Referring back to
Although very simplistic rules have been described, the simulation tool may be provided with more complex rules, which may be modularly plugged into the tool as noted above. For example, with regard to the simulation described referencing
By propagating the simulation and thus finding expected values, states of nodes, another useful aspect of this tool allows additional experimental data to be overlaid on the diagram wherein actual experimental data values can be checked against expected or simulated values. For example,
The experimental values for the second class 404, are those values that show differentiation in an inverse manner to that shown by the values in the first class 402. For this example, the experimental values in the second class 404 include values for those rows of genes where the genes in the normal tissues are up regulated and the genes in the diseased tissues are down regulated. This class can be identified in the same way as discussed above with regard to the first class 402, and may be located at the bottom of the sort described with regard to
Optionally, any networks contained in existing knowledge N1, N2, . . . , Nn may be extended with either of the experimental classes, 402,404, as shown at 406 and 408, respectively, according to any of the techniques described above. Further optionally, in the case where any particular network is extended/expanded using first class 402 at 406, and using second class 404 at 408, the resulting extended networks may then be compared at 410. One example of comparison is to simply visually compare the network as extended by the first class at 406 with the network as extended by the second class at 408. From such a visual comparison, a user may be able to readily notice difference in nodes (concepts) present, difference in structural properties of the networks compared, such as height, branching factor, etc., whether specific nodes are being differentially affected by both sets of expansions in the same way (assuming that the extended networks have unambiguous relations) or the like. For example, an expansion using first class 402 may show all promotions of a particular node, while an expansion using second class 404 may show all inhibitions of that same node. ALFA architecture is also configured for identifying such discrepancies automatically.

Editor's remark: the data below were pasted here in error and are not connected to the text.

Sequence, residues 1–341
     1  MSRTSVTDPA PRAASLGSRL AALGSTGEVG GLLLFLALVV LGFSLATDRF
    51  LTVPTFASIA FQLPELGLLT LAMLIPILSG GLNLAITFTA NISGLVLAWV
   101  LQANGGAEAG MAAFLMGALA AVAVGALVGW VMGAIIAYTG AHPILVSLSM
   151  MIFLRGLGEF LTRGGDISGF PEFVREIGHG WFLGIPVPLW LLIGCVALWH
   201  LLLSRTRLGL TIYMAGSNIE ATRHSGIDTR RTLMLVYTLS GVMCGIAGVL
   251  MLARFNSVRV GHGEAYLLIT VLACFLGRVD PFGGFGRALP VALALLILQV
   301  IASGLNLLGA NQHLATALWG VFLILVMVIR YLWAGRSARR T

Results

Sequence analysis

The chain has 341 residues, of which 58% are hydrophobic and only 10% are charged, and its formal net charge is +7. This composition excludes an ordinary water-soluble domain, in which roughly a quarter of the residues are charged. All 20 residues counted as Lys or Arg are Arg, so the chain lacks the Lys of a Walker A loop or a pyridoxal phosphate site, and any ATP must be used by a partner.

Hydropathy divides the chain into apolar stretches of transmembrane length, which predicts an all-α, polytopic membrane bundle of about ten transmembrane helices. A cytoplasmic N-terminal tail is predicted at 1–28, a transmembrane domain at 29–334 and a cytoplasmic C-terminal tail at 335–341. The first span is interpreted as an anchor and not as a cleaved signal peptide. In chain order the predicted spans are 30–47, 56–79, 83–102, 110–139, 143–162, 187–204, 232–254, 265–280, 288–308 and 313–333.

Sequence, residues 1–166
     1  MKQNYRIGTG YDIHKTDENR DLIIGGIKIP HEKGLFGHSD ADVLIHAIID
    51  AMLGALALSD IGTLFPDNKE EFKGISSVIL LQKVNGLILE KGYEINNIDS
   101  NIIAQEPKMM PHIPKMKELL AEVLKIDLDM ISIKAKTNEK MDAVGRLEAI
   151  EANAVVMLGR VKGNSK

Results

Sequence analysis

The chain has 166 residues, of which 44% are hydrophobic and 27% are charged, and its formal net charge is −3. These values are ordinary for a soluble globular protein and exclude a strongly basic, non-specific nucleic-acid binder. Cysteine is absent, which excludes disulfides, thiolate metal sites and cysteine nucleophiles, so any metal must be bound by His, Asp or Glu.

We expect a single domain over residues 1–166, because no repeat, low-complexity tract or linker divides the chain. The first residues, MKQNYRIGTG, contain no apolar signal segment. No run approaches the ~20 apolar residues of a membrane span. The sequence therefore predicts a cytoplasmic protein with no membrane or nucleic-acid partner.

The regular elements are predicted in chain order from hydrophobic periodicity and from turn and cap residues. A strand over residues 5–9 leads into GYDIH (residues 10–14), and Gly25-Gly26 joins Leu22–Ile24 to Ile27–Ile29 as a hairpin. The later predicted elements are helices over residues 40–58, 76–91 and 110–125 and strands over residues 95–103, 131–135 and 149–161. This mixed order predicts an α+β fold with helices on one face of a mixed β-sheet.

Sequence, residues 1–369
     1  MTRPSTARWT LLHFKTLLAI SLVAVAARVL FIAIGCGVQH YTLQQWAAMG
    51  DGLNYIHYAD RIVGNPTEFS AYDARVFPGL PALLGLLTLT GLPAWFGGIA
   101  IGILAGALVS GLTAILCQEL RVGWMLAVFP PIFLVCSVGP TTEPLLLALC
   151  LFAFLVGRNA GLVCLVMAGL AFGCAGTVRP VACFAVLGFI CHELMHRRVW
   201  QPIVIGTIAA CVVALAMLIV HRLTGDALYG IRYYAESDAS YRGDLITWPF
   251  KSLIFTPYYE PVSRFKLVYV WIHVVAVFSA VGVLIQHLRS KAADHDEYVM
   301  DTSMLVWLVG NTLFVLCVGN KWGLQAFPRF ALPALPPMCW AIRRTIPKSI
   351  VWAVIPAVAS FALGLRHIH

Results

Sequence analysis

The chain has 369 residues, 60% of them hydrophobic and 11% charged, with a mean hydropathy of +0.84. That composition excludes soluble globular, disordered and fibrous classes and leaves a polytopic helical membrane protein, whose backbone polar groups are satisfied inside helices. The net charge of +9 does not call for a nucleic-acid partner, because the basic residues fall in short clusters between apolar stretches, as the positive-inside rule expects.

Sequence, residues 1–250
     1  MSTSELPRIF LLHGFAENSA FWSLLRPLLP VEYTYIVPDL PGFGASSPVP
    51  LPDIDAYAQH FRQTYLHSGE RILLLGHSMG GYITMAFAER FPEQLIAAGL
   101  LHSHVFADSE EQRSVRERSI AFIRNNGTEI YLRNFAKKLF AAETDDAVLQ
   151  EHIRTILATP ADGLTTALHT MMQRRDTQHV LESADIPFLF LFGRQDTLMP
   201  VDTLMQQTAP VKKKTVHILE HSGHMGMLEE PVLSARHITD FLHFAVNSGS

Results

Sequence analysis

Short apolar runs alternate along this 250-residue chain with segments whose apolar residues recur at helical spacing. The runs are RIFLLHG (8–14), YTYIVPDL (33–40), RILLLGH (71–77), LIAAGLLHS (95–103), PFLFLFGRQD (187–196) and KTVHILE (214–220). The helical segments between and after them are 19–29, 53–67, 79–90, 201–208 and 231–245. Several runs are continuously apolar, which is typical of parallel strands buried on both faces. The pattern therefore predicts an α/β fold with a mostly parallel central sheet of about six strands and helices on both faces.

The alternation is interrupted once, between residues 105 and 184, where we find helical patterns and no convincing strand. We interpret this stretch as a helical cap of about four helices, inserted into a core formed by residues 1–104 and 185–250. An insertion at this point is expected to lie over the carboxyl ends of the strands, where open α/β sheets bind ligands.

Still further, a user may recognize common sub-networks during a visual comparison, e.g., sub-networks from well-documented pathways in the sets of nodes and relations between them that can be visually inspected. Visual comparison may be sufficient to eliminate one extended version in cases where, for example, the user recognizes interactions that are not plausible in living systems, such as an interaction between two entities that are not know to interact in nature, for example, or an interaction that runs counter to well-established biochemical rules.
Another form of comparison 410 is a computational comparison that outputs the differences and similarities between the two extended networks.
A tool for comparison of diagrams is provided in co-pending, commonly owned application Ser. No. 10/641,492. (see
Most biological models are approximate, general, and do not capture the nuances under different conditions. In fact, no one model may best describe the biological process under the given physical and experimental conditions. The spreadsheet view can be used to select different sub-networks from each of the networks (possibly generated from multiple alternative sources of information) displayed in the various cells, and combine these sub-networks such that the network constructed from the combination of these sub-networks is “optimally” validated by the experimental data or observations.